# Circular determinant problem

I'm stuck in this question: How calculate this determinant ? $$\Delta=\left|\begin{array}{cccccc} 1&2&3&\cdots&\cdots&n\\ n&1&2&\cdots&\cdots& n-1\\ n-1&n&1&\cdots&\cdots&n-2\\ \vdots &\ddots & \ddots&\ddots&&\vdots\\ \vdots &\ddots & \ddots&\ddots&\ddots&\vdots\\ 2&3&4&\cdots&\cdots&1 \end{array}\right|$$ Thanks a lot.

• The determinants for the first eight $n$s are $1,-3,18,-160,1875, 27126, 466186, 9275064$. Apparently they are part of the OEIS sequence A052182, which is given by the formula $(-n)^{n-1}(n+1)/2$. – user1551 May 9 '13 at 11:52

Since the matrix with determinant $\Delta$ is circulant, its eigenvalues $\{\lambda_j\}_{j=1}^n$ are given by

$$\lambda_j=1+2\omega_j+3\omega_j^2+\ldots+n\omega_j^{n-1},$$

where $\omega_j=\exp\left(\frac{2\pi ij}{n}\right)$. The determinant is the product of the eigenvalues.

For an explicit formula not involving products and sums, see sequence A052182 in OEIS. It can be shown that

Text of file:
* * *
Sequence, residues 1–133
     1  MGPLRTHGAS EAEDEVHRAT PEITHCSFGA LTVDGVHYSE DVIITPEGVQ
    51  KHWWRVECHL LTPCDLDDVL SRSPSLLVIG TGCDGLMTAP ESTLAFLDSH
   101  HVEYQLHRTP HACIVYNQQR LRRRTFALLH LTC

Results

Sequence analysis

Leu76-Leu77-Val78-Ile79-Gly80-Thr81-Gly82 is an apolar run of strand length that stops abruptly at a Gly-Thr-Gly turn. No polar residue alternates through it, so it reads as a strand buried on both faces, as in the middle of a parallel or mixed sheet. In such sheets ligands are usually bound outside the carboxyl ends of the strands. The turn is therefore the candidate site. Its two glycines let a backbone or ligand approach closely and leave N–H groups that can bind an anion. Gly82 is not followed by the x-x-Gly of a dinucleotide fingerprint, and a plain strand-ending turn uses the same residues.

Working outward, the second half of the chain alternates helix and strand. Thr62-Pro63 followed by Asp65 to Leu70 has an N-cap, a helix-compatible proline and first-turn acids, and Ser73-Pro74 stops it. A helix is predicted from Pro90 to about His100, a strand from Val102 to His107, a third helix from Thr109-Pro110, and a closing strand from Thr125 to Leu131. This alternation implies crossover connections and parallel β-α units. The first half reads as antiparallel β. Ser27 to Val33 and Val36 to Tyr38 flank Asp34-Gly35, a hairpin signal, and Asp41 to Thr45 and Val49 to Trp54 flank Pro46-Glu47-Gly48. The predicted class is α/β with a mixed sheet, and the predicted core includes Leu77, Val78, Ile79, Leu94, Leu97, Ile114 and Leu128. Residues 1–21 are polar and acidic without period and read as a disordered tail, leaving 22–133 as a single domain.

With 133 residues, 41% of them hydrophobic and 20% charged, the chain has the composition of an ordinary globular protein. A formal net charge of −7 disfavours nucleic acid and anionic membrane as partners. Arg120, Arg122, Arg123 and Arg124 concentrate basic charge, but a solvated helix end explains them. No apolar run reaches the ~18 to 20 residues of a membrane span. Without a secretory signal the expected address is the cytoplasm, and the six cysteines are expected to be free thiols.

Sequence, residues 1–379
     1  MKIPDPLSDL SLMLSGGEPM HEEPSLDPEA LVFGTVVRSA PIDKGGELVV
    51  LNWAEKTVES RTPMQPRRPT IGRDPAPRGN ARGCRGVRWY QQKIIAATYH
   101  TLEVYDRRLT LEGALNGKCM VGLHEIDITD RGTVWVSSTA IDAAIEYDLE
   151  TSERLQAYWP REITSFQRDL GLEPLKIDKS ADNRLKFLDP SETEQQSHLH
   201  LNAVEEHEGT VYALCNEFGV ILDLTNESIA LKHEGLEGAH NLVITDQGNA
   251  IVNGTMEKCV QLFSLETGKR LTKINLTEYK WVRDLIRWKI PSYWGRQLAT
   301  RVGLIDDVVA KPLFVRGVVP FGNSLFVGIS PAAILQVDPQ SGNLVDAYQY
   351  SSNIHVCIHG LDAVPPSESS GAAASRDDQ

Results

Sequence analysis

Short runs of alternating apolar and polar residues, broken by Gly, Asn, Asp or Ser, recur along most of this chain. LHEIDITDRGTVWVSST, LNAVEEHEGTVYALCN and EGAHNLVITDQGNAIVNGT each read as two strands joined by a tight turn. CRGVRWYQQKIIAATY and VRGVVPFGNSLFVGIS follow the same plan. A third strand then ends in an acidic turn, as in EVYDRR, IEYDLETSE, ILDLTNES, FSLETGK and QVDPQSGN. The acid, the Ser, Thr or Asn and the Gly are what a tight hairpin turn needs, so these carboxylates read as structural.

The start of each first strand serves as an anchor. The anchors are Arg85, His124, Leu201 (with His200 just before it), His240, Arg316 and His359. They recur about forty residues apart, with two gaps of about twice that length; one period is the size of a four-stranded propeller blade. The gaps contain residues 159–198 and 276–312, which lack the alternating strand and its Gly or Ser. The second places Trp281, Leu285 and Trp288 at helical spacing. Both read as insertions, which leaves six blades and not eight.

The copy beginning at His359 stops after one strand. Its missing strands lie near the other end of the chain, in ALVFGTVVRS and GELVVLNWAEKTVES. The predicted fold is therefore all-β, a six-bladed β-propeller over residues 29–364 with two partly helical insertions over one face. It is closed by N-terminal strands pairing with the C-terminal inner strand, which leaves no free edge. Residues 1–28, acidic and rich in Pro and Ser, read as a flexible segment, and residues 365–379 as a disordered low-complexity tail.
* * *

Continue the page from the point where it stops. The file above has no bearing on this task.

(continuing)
$$\Delta(n)=(-1)^{n-1} \cdot n^{n-2} \cdot \frac{n^2+n}{2}$$

I'll do the case $n=4$ and leave the general case for you.

It is useful to recall how elementary row operations effect the value of determinant, see for example ProofWiki.

We get $$\begin{vmatrix} 1 & 2 & 3 & 4 \\ 2 & 3 & 4 & 1 \\ 3 & 4 & 1 & 2 \\ 4 & 1 & 2 & 3 \end{vmatrix} \overset{(1)}= \begin{vmatrix} 1 & 2 & 3 & 4 \\ 2 & 3 & 4 & 1 \\ 3 & 4 & 1 & 2 \\ 10 & 10 & 10 & 10 \end{vmatrix}= 10\begin{vmatrix} 1 & 2 & 3 & 4 \\ 2 & 3 & 4 & 1 \\ 3 & 4 & 1 & 2 \\ 1 & 1 & 1 & 1 \end{vmatrix} \overset{(2)}= 10\begin{vmatrix} 0 & 1 & 2 & 3 \\ 0 & 1 & 2 &-1 \\ 0 & 1 &-2 &-1 \\ 1 & 1 & 1 & 1 \end{vmatrix} \overset{(3)}= 10\begin{vmatrix} 0 & 0 & 0 & 4 \\ 0 & 0 & 4 & 0 \\ 0 & 1 &-2 &-1 \\ 1 & 1 & 1 & 1 \end{vmatrix} =10\cdot 4^2$$

(1): added first three rows to the last one (2): subtracted a multiple of the 4th row from the other rows (3): subtracted 2nd row from the 1st one, 3rd row from the 2nd one

There are several possibilities how to see that the determinant of the last matrix is $4^2$. For example, you can use Laplace expansion several times, until you get $2\times2$ matrix; you can use the expression of the determinant using permutations (the only permutation which will give a non-zero summand gives $a_{14}a_{23}a_{32}a_{41}$ for this matrix); or you can exchange rows in such way that you get upper triangular matrix.